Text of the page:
Lecture 1 - web page for staff

Report
ENE 428
Microwave
Engineering
Lecture 1 Introduction, Maxwell’s
equations, fields in media, and
boundary conditions
1
RS
Syllabus
•Assoc. Prof. Dr. Rardchawadee Silapunt (Ann),
[email protected]
•Dr. Ekapon Siwapornsathain (Eric), [email protected],
Tel: 0814389024
•Lecture: 9:00am-12:00pm Wednesday, AIT
•Instructors at King Mongkut’s University of Technology
Thonburi, BKK, Thailand
•Textbook: Microwave Engineering by David M. Pozar (3rd
edition Wiley, 2005)
• Recommended additional textbook: Applied
Electromagnetics by Stuart M.Wentworth (2nd edition Wiley,
2007)
2
RS
3
RS
Grading
Homework
Quiz
Midterm exam
Final exam
10%
10%
40%
40%
Vision
Providing opportunities for intellectual growth in the context
of an engineering discipline for the attainment of professional
competence, and for the development of a sense of the social
context of technology.
4
RS
Course overview
• Maxwell’s equations and boundary conditions for
electromagnetic fields
• Uniform plane wave propagation
• Transmission lines
• Matching networks
• Waveguides
• Two-port networks
• Resonators
• Antennas
• Microwave communication systems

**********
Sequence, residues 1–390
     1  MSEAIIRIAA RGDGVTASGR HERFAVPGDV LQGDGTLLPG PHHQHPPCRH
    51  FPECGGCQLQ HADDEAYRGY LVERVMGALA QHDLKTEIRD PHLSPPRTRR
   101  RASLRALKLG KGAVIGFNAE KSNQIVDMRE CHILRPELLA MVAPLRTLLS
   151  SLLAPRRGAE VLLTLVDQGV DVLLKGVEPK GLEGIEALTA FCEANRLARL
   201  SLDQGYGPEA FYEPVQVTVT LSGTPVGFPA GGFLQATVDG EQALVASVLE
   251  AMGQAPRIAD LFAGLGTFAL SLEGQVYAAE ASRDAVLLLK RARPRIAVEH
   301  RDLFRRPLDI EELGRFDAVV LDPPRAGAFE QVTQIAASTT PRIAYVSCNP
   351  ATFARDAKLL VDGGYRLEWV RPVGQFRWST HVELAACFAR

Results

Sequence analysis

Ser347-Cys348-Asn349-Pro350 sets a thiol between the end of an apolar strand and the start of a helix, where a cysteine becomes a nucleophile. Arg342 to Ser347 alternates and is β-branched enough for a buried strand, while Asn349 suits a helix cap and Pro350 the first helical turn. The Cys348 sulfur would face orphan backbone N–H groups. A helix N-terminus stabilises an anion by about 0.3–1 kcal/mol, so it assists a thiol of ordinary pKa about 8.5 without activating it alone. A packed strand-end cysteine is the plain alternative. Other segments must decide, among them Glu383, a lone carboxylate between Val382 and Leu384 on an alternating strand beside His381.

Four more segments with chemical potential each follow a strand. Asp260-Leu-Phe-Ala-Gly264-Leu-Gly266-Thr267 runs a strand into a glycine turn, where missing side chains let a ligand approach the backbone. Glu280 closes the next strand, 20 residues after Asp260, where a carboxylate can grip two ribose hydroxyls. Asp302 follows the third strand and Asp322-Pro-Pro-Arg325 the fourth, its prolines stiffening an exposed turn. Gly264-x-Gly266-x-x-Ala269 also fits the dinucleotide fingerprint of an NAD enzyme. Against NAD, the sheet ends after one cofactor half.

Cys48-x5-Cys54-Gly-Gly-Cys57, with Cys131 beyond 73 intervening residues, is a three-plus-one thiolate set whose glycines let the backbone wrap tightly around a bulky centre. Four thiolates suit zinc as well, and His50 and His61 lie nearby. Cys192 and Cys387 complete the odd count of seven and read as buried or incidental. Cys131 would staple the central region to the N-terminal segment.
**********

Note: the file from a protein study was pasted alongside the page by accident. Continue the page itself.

10-11/06/51
RS
5
Introduction
http://www.phy.ntnu.edu.tw/ntnujava/viewtopic.php?t=52
• Microwave frequency range (300 MHz – 300
GHz) ( = 1 mm – 1 m in free space)
• Microwave components are distributed
components.
• Lumped circuit elements approximations are
invalid.
• Maxwell’s equations are used to explain
circuit behaviors ( H and E )
6
RS
Lumped circuit model and
distributed circuit model
7
RS
Introduction (2)
• From Maxwell’s equations, if the electric field E
is changing with time, then the magnetic field H
varies spatially in a direction normal to its orientation
direction
• Knowledge of fields in media and boundary conditions
allows useful applications of material properties to
microwave components
• A uniform plane wave, both electric and magnetic fields